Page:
Iran's leaders, eager to sell the temporary accord to their population, said the agreement would open the way to a surge of trade and investment. U.S. officials, facing criticism that the deal is too lenient, insisted that the temporary sanctions relief was chicken feed and that crippling restrictions on Iran's economy remain.
Following implementation of the deal, “the window of opportunity for Iran’s trade with Europe will increase tenfold,” Abbas Araqchi, Iran’s chief nuclear negotiator, told the semi-official Islamic Republic News Agency. “The private sector of Iran will have a great share of trade with the
Ali Akbar Salehi, head of Iran's nuclear agency, said the deal was a victory on two key points, because it marked the beginning of the end of sanctions while allowing Iran to continue low-level nuclear enrichment.
"The iceberg of sanctions is melting while our centrifuges are also still working," he said on state television. "This is our greatest achievement."
But a senior U.S. administration official told reporters "Iran is not open for business."
"Nobody should misunderstand that point," added the official, who spoke on condition of anonymity because of diplomatic sensitivities.
The temporary deal, the most important step in a decade in the dispute over Iran's nuclear program, went into effect as Iran halted production of medium enriched uranium and took other steps to restrain nuclear activities. In return, the West will ease some economic sanctions for at least six months, while Iran and six world powers try to negotiate a more lasting deal to assure that Iran doesn't acquire the capability to make a nuclear bomb.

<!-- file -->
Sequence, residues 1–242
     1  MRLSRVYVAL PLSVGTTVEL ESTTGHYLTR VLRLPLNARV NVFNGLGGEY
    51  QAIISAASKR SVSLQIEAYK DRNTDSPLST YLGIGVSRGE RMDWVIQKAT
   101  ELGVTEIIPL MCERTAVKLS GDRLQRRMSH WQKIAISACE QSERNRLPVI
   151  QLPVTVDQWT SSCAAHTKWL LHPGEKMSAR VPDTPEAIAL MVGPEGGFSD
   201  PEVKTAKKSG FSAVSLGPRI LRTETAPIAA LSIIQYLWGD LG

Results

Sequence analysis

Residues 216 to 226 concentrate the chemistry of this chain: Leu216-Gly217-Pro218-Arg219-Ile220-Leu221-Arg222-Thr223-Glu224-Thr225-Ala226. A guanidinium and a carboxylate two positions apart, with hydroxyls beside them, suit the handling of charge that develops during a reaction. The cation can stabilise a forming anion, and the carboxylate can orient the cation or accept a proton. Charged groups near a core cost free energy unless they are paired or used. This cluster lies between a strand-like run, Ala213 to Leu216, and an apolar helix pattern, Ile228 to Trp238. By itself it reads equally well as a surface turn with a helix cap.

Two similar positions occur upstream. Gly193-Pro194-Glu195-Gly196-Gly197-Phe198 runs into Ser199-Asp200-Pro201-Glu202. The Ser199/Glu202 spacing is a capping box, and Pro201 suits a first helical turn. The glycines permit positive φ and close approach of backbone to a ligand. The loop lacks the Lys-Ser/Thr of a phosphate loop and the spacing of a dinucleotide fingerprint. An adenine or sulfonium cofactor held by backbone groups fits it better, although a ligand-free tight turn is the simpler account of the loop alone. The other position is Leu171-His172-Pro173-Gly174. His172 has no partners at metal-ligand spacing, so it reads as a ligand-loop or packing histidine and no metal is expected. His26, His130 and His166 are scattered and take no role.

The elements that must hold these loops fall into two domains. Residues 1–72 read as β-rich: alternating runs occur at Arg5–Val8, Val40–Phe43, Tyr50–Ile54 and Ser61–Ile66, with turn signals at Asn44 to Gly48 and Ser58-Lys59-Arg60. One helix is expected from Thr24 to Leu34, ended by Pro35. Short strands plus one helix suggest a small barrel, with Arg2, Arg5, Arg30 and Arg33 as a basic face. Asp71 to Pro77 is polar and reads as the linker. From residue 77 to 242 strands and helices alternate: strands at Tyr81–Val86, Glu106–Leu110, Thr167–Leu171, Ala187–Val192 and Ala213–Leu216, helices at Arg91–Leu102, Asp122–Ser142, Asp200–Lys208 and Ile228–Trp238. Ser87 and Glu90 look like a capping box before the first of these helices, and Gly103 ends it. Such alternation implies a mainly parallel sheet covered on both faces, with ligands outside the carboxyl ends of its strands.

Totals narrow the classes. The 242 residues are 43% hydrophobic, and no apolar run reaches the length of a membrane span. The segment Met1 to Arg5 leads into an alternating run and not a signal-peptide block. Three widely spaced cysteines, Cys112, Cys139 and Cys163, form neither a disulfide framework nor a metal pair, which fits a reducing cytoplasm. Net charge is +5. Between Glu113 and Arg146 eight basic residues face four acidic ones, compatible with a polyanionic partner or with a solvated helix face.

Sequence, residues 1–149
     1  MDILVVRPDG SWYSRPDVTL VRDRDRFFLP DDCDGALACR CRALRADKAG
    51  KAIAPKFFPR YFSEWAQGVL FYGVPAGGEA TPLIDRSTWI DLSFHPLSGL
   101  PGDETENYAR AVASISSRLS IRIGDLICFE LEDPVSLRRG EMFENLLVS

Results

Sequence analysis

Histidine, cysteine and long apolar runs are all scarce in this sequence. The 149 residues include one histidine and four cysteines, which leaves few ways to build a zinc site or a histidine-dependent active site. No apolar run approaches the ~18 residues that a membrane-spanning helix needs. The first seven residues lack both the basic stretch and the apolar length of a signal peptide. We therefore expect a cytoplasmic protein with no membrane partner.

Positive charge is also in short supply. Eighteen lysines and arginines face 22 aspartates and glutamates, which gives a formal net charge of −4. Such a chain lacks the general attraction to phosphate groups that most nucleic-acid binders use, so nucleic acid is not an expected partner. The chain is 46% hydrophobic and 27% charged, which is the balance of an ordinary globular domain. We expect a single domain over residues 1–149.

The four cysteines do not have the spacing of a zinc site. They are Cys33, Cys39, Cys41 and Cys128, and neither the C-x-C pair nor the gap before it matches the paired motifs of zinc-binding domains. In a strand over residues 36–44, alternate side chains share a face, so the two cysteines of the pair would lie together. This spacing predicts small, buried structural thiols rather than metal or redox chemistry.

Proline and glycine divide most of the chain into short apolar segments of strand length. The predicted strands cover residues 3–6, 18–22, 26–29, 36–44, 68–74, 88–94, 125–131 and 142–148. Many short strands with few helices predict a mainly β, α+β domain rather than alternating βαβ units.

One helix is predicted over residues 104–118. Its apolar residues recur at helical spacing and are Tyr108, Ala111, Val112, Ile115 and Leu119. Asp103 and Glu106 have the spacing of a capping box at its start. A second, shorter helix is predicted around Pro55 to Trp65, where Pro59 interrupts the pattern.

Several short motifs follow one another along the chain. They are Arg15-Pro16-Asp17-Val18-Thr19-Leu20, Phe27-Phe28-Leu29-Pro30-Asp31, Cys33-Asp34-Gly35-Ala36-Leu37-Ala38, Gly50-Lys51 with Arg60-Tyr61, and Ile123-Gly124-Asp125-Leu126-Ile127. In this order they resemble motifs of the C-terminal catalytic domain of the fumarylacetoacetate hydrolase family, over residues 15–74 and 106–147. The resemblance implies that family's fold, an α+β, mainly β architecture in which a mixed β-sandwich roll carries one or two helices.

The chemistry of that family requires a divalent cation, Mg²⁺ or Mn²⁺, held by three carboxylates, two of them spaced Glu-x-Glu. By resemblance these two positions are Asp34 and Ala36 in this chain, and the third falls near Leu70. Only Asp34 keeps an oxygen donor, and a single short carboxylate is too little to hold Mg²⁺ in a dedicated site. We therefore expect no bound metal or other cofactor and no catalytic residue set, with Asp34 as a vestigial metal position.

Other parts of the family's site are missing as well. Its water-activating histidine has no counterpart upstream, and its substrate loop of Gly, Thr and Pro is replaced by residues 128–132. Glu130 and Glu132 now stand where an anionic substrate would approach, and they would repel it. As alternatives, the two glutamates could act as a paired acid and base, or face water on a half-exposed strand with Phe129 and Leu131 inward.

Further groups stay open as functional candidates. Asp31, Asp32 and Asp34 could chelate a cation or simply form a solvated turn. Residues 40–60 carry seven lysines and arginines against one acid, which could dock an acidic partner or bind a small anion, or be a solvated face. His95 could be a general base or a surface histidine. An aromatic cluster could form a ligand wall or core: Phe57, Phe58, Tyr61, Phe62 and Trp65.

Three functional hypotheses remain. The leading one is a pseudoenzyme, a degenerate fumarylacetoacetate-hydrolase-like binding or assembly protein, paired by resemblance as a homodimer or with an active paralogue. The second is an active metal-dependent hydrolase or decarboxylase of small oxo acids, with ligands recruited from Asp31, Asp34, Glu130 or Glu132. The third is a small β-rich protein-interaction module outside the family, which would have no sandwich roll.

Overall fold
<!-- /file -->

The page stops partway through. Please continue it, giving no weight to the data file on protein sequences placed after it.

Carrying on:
Although the deal has been hailed by both sides, a war of words continues about who is getting better terms.
Iranian officials have welcomed the overtures they have been receiving from European and other businesses as a sign of better days to come.
U.S. officials insist that executives and foreign leaders who have been streaming to Tehran won't be signing any deals until Iran takes the bigger step of agreeing to longer-lasting curbs on its nuclear activities. They say they will be strict in punishing foreign firms that try to evade sanctions.
Iranian energy officials have been holding out the lure of big deals to overhaul the country's aging energy infrastructure and have been hinting that they are willing to structure terms to bring big payoffs to multinational oil companies.
The temporary deal immediately lifted restrictions on Iran's foreign sales of petrochemicals and allowed resumption of trade in gold and precious metals, and transactions with Iran's automotive sector.
In a few weeks, Iran will start gradually gaining access to $4.2 billion in funds that have been frozen in overseas bank accounts.
Critics of the temporary deal maintain that the accord has changed the attitude of international business toward Iran, unleashing pent-up demand for Iranian oil and trade in a way that will make it tough to continue isolation of the country.
Yet U.S. officials insisted the opposite. They said the deal's benefits were a "drop in the bucket" at a time when the Iranian economy is suffering from high inflation and a 60% drop in the oil exports on which the government depends.
They said Iran will end the six month period poorer that when it began because of the continuing bite of sanctions.
"Iran is not and will not be open for business until it reaches a comprehensive agreement," the senior U.S. official said.
He said that U.S. officials are reaching out to government and financial officials to warn them that the U.S. will continue to enforce sanctions "in a very aggressive manner."
U.S. officials hailed the beginning of the deal, saying it offered an opportunity to reach a diplomatic solution to the long impasse with Iran over the nuclear program. At the same time, they stressed that the administration approaches the upcoming negotiations with "eyes open."
The negotiations are to begin in early February, the European Union's foreign policy chief announced. Wendy Sherman, the head of the U.S. negotiating team, will visit Geneva on Tuesday to begin talks with the five other world powers on how to approach the bargaining, U.S. officials said.